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I notice the inclusion of almond flour - an ingredient which is virtually unheard of in most American supermarkets today.

On the other hand, I recall from Townsends 18th century cooking channel that almond flour was historically, if not common, used sometimes - there’s a cookie recipe I mean to try soon which uses exclusively almonds without any wheat flour at all!

Why did almonds lose their prominence in our diet? I know they’re getting something of a resurgence, but they largely disappeared for quite a while.

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@hasufin, I have found almond flour to be readily available in grocery stores; either in 1lb. bags or in bulk. Perhaps it’s regional. I live on the left coast.

To some extent, I’m sure it is - when I lived in the SF Bay area I generally found it easier to locate less common ingredients. And, of course, people grow almonds in California.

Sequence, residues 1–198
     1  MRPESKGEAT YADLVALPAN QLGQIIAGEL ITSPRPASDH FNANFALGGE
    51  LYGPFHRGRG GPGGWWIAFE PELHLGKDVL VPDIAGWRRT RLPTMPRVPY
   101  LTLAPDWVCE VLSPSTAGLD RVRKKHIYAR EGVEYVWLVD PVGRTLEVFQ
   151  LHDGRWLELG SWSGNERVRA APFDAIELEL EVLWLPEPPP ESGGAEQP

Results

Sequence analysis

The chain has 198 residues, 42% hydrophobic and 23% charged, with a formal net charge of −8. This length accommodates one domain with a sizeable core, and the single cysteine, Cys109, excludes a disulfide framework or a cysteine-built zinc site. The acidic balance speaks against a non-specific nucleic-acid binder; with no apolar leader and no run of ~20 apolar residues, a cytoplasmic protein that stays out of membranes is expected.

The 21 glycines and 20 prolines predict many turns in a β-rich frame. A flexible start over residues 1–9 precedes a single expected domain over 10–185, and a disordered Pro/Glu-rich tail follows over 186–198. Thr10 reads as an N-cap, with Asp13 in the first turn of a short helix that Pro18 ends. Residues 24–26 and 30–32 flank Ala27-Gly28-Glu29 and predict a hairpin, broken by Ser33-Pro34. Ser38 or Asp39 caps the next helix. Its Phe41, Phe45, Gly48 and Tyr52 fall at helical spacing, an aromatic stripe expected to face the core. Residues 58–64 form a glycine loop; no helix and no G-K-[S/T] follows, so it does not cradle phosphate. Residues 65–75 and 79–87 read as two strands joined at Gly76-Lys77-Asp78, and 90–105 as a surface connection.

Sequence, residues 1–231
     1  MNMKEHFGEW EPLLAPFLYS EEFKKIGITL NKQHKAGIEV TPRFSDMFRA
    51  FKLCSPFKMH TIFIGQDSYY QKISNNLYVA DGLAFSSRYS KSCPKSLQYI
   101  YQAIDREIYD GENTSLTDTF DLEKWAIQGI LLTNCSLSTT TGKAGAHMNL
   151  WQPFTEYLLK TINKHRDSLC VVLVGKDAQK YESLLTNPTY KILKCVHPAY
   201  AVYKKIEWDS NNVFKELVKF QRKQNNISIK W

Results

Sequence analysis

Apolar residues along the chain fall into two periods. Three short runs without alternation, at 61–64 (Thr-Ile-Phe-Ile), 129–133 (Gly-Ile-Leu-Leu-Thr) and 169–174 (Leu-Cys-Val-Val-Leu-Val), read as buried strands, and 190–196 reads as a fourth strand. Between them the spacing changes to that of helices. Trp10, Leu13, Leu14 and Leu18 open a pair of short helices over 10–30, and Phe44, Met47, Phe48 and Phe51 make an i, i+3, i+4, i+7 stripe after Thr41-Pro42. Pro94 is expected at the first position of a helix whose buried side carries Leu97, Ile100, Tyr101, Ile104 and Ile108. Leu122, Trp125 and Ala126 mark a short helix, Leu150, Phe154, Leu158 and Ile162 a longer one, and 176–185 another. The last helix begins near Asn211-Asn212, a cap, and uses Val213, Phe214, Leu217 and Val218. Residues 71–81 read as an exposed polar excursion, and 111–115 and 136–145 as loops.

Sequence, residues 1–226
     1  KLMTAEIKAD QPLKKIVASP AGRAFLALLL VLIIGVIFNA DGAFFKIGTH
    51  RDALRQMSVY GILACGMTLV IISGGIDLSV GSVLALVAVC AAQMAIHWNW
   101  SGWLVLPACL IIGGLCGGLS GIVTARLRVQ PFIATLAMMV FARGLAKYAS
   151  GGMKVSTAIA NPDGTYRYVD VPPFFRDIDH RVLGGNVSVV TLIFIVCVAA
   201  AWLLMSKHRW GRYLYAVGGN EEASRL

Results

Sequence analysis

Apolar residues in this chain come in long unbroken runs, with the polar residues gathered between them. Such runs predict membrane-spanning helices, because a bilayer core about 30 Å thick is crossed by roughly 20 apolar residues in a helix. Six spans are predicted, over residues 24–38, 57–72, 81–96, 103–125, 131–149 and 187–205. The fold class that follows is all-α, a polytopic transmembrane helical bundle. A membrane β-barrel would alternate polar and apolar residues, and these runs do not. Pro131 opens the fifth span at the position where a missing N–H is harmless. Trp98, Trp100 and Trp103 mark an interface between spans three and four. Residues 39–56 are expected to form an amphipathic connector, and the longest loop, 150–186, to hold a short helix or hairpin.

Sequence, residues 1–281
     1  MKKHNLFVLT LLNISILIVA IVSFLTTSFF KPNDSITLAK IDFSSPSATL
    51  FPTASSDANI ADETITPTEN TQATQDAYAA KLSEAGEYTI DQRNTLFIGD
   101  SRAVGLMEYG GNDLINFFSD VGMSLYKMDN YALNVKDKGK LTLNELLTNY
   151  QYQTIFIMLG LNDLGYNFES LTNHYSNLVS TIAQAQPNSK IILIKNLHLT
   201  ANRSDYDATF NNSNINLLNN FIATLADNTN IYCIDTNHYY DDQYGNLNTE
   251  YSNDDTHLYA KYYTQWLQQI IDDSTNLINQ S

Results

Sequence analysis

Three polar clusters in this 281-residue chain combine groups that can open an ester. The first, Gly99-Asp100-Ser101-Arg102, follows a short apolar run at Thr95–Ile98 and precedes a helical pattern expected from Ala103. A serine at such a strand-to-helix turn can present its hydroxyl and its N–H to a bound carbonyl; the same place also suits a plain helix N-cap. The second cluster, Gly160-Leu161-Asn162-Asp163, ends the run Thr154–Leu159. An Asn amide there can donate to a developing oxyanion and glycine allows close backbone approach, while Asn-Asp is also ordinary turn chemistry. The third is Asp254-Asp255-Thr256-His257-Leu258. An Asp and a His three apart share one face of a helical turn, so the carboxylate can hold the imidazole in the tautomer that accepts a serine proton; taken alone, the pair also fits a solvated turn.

But understand - I’m not lamenting that I can’t find almond flour; rather I’m observing that while every grocery store has a broad selection of wheat flours, a typical store might have almond flour, but it very possibly will not. Almonds generally, and almond flour in particular, seems to have been a more common component of medieval and colonial diets, so sometime in the 19th century I suspect they fell out of favor for some reason.

These are very common in Australian cafes, where they are known as friands (FREE-onds).

Almond meal can also be used.

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